For some areas on the Central and Southern Plains, Black Friday will need to be renamed Snow Friday as a strong storm system looks set to bring heavy snow. Right now, models are zero’ing in on the Texas Panhandle and Eastern New Mexico — but there is a fair bit of spread and forecasts will likely change dramatically.

A look at various snowfall solutions from three different models.

Snow seems likely: It certainly looks like snow will occur starting sometime on Thanksgiving and last all the way into perhaps Saturday as a slow-moving storm system works its way through the region.

  • As of right now, models are in agreement on the heaviest snowfall occurring somewhere in the Texas Panhandle into Eastern New Mexico.
  • Some models do extend snow into SW Kansas and Western Oklahoma.
  • Totals are on the moderate/heavy side. The NBM shows a local bullseye of 7” or so, which is probably more in line with reality vs. heavier totals seen on the GFS and Euro.

Yes, but: This storm system looks to be more on the closed-off variety. This will mean the exact track of the system will not be well known until much closer to the event.

  • The heaviest snowfall totals will be on the north and west side of the system, where cold air is brought south.
  • Systems like this one can shift 50-100 miles (or more) on models into the event. We expect no less for this one.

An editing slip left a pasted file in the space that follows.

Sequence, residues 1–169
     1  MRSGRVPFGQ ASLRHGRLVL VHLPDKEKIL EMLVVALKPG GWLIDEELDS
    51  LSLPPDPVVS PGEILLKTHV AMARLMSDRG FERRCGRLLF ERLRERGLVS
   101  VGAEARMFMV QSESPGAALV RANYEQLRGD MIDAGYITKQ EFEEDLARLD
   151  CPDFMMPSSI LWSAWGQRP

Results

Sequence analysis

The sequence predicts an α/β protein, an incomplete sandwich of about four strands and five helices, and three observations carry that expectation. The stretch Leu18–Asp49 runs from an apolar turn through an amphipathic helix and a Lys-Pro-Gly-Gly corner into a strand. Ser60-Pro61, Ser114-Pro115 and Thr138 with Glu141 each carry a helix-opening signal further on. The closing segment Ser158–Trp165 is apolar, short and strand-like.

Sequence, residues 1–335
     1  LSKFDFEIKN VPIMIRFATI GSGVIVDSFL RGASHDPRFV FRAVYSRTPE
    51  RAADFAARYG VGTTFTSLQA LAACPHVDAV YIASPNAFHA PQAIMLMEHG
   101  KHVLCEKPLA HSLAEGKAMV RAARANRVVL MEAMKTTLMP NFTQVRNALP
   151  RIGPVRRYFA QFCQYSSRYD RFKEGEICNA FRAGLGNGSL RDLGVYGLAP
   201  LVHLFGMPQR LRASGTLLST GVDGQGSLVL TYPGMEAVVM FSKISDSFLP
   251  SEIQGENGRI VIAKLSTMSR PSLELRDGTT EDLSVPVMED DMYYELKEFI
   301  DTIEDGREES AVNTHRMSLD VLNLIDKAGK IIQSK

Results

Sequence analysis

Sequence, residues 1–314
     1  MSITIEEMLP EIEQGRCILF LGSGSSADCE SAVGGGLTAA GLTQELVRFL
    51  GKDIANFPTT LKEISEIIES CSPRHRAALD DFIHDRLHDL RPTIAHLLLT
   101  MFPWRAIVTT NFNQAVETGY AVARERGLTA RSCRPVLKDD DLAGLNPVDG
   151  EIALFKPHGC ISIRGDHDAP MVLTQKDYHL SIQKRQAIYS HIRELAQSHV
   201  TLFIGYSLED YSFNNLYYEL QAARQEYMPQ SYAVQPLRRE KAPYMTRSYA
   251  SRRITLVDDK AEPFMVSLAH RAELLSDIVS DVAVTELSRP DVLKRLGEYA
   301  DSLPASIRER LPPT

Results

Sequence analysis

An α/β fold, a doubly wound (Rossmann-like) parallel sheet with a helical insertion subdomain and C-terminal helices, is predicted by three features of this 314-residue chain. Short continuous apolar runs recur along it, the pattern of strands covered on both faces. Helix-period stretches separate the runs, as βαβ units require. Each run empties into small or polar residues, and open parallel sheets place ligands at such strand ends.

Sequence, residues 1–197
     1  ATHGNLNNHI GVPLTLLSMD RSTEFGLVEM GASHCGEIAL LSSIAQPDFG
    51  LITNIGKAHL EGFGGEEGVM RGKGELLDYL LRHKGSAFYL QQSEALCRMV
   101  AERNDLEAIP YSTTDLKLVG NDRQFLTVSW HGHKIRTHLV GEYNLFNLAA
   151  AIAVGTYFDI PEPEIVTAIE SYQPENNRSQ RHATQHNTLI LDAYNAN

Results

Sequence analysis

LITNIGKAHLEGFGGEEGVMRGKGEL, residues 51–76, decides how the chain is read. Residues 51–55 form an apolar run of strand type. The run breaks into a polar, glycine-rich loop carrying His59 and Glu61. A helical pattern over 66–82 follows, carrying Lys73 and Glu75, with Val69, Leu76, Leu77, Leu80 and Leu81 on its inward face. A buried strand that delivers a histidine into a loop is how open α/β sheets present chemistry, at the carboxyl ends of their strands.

• Shifts into the event can go either way: A faster/more northerly track with less snowfall or a slower/more southerly track with heavier snowfall totals.

Timeline: Snow should begin across eastern New Mexico and the Texas Panhandle on Thanksgiving afternoon but the heart of the storm will be overnight into Friday, with the storm moving away by Saturday morning or afternoon.

As of right now, ice does not seem to be a major threat but there could be a small area where precipitation is ice before changing over.

Travel Impacts: Expect some travel impacts from this system. The bulk of the travel problems will occur from Friday into Saturday, with conditions improving thereafter.

Uncertainty reigns: I cannot caution enough that systems like this one can best weather models and forecasters as they tend to be more unpredictable at this range. This system resembles the one from last week as well, where there will likely be sharp cut-offs on where the heaviest snow occurs.

  • This will mean forecast busts both ways are pretty likely — some areas expecting a lot as of today will get almost none and other areas expecting little may end up with a lot.
  • Forecasts will likely be more reliable starting tonight as the system comes fully onshore.

Stay tuned to our Facebook and Instagram, we’ll be providing the latest updates on there.

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